Chinese Literature - Li-hua Ying 2010
LI SHASHA, PEN NAME OF BI LIZI (1982— )
LI SHASHA, PEN NAME OF BI LIZI (1982— ). Fiction and prose writer. Born in a village in Hunan Province, Li Shasha graduated from Northwestern University in Xi’an in 2004. Li belongs to the generation of the Internet, which launched his career. While still a freshman in college, Li began posting poems and stories online. Nicknamed “the Teenage Shen Congwen,” he became known initially for his childhood stories about rural Hunan, a subject Shen had explored in the 1930s and 1940s. Another influence comes from Wang Xiaobo, whose unbridled imagination and liberal spirit can be detected most notably in Li’s Hong X (Red X)—“red x” referring to the error mark written by teachers on student papers—a coming-of-age novel that portrays a rebellious teenager who, after being dismissed from school, experiences an existential and spiritual crisis while struggling to overcome hunger, deception, and his own self-destructive behavior. Another work of Li’s, Bei dangzuo gui de ren (Ghosts in the City), a collection of essays, consists of two parts: reminiscences of the western Hunan countryside and his observations of life in the city of Xi’an. In general, his essays are held in better regard by critics. The most memorable ones include “Wo zui nan wang de yishuang nüren de shou” (An Unforgettable Pair of Women’s Hands) about a child’s vague awareness of romantic love, “Bei dangzuo gui de ren” on the hard life of migrant workers in the city, “Liang ge shaonian” (Two Teens) about country kids, “Yige xi’ai chuzou de pengyou” (A Friend Who Loves to Leave Home) about a wanderlust attracted by the outside world, and “Dakou gudu” (Foreign Music CDs and the Ancient Capital) about his impressions of modern youth culture in Xi’an.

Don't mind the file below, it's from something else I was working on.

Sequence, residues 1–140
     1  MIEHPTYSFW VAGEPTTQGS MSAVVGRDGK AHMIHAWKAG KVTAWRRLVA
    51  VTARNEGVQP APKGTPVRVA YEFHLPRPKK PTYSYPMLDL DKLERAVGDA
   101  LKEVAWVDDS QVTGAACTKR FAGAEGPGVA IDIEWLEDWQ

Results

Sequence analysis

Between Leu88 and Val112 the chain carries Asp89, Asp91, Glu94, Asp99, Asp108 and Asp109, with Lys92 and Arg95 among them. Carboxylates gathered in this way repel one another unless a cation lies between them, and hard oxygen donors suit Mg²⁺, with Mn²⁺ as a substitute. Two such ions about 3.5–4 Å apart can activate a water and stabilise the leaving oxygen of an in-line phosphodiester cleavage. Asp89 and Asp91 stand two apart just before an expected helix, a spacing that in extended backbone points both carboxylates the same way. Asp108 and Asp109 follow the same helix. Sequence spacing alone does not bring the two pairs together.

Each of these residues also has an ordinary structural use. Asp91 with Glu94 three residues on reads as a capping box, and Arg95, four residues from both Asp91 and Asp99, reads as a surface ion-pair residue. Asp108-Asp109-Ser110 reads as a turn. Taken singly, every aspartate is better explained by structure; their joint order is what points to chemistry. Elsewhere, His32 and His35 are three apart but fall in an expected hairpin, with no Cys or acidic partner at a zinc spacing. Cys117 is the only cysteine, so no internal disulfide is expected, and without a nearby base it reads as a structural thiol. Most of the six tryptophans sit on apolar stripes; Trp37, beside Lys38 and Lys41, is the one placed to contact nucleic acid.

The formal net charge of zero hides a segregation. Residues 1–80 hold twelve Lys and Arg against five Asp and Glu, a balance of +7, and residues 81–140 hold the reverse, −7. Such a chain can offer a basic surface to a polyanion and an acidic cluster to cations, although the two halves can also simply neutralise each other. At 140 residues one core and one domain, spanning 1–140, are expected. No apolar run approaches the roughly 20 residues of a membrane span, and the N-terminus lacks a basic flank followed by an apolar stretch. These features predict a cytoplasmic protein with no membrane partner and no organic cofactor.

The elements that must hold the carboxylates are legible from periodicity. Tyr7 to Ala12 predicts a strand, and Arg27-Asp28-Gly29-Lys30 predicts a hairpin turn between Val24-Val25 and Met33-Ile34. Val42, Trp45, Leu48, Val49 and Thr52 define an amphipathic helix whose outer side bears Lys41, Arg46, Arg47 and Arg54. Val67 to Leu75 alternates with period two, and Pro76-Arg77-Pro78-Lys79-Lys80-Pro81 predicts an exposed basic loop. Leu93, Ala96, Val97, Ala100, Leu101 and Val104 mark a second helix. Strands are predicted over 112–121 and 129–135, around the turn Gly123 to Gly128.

Li received the 2005 Chinese Language Literature and Media Award. He also attracted international attention when he was featured in an article in Time magazine in June 2006, which calls him a “ghost writer” who represents the millions of country folks who have streamed into China’s big urban centers. Chinese critics have praised his natural, effortless prose that captures the beauty and innocence of a rustic world and his vivid depiction of the dreams of rural youths lured away from their villages by the promise of modern life. A talented voice among the post-1980s generation, whose majority grew up in the cities and tend to focus narrowly on teenage rebels and personal angst, Li, who was raised in the countryside but now works in Guangzhou as a journalist, is uniquely poised to tackle the issues faced by Chinese youths outside the confines of school and romantic love. His work touches the core of Chinese modernization and the prices its youth and its country poor have to pay. For the depth of his work and his highly imaginative prose, Li is widely considered one of the most promising writers among his contemporaries.